banner of Methodology for Determining Motorcycle Operator Crash Risk and Alcohol Impairment

3. Detailed Report of Discussion

Injury Crash Records

One way to determine the effect of BAC on crash likelihood is to compare BACs of crash-involved riders with BACs of the rider population at large. One possibility for obtaining BACs and other pertinent data from riders involved in crashes would be from hospital records. A study that uses injury crash data would need to get the BAC data for the riding population at large from some other source.

In this type of study, researchers would rely on hospital records of BACs for crash-involved riders at the hospital. Not all hospitals collect BAC data as a matter of course. By some counts, only 10 percent of injury cases have a BAC measurement (Liedtke & DeMuth, 1975; Flamm et al., 1977). In hospitals where it is measured only occasionally, measurements tend to be in cases where hospital staff suspect the patient has been drinking. This causes the BACs measured to skew high. For this reason, it is necessary to work with hospitals that can record BACs for all or nearly all of their motorcycle crash-involved patients. Level I Trauma Centers are more likely to have protocols that encourage recording of BACS for all patients, though these procedures may not always be followed strictly. In some cases, hospitals may have been recording sufficient data, for long enough, that archival hospital data can be used for this study. In other cases, arrangements may need to be made with the hospital to get them to start recording some of the data. Because a given hospital may see relatively few motorcycle crash victims, it may be necessary to use several years’ data to get a large enough sample.

Because this methodology only provides data on crashes, consideration must be given to the issues, advantages and disadvantages that apply to the method used to collect comparison data.

Advantages

There are many more crashes involving injury than there are fatal crashes, therefore more data are available for analysis for a given time period than are available from using fatal crash data alone. Using injury crash data also allows generalization to injury crash population. It may be possible to obtain additional data by linking to larger database (e.g., through the use of the NHTSA’s Crash Outcome Data Evaluation System (CODES) data system).

Disadvantages

This methodology provides only half of the data necessary to generate relative risk curves; it would still be necessary to get comparison data from non-crash-involved riders. This methodology would exclude PDO and minor-injury crashes. It may be harder to get BACs on all cases than it is in some other methodologies, depending on the hospital, policies and other factors. Time between crash and BAC measure may be greater than for Contemporary Case Control method, which may make BAC measures less reliable. It may be difficult to determine where the crash took place for the purposes of finding matching comparison case, although in-hospital follow-up may provide sufficient data, as would obtaining a copy of the Traffic Collision Report (TCR), which could be a source of much of the data for the case. There is a range of completeness of BAC data in hospital records: some hospitals collect a lot, some collect very little. Due to the tendency to collect BAC data more often when the evidence of drinking is more obvious, anything less than 100 percent testing has the potential to result in overestimated average BACs.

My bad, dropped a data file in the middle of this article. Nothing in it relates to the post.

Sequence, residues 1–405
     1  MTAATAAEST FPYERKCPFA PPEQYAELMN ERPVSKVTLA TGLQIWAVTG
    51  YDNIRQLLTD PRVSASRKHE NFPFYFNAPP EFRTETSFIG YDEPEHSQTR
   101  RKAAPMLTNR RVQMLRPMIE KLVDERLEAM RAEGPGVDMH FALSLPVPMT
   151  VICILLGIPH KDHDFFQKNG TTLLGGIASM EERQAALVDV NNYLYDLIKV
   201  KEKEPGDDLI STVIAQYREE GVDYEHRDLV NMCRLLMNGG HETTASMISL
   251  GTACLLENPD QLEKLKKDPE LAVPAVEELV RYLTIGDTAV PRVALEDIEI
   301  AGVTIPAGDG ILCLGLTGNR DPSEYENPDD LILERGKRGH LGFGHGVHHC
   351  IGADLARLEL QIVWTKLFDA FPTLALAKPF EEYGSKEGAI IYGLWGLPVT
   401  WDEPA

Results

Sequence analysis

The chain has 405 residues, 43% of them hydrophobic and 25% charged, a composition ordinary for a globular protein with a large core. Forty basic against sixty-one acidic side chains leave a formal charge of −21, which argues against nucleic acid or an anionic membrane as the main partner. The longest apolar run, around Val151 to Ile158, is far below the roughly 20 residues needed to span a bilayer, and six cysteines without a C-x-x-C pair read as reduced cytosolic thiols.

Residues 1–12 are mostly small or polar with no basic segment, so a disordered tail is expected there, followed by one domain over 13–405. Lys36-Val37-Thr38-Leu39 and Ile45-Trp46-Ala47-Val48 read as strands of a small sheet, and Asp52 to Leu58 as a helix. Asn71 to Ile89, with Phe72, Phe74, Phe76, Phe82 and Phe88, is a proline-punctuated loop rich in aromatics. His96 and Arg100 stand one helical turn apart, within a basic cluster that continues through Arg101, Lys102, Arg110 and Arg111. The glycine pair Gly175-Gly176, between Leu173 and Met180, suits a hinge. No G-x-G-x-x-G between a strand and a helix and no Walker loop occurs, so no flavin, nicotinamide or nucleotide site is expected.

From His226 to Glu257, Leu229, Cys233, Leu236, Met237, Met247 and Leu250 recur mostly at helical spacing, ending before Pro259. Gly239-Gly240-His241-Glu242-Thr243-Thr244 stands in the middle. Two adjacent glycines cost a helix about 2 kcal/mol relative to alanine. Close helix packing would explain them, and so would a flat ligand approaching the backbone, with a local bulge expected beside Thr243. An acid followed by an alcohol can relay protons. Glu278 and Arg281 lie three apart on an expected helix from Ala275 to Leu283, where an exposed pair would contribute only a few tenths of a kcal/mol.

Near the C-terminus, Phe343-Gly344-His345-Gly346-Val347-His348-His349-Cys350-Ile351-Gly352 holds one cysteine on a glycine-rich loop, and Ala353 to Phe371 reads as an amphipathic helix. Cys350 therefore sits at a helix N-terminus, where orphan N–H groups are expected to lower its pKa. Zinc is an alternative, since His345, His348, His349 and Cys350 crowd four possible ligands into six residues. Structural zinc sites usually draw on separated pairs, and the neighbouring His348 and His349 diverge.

Not all motorcycle crash victims will go to the hospital, and not all who go will be admitted. Riders with minor injuries may not go to the hospital or be admitted. Single-vehicle crashes in which the rider can still operate the vehicle often lead to emergency room visits, but very often entail no police report, so that information is lost. Fatally injured riders may be pronounced dead at the scene and not go to the hospital. Often, BAC and other data will not be collected until the victim has been admitted. Because riders with minor injuries may not be represented in the sample of crashed riders, this necessarily skews the sample toward more severely injured riders.

Cost

>$500,000

Because this method uses crash data collected as part of the hospital’s procedures (assuming the cooperation of the hospital), the costs of obtaining crash data would be relatively low, although the cost of additional BAC tests may have to be considered. The main cost of conducting this study would be obtaining comparison data through roadside surveys (Case Control, Geo-General Comparison Data, or some other method). The cost of obtaining comparison data, then, could be considerable.

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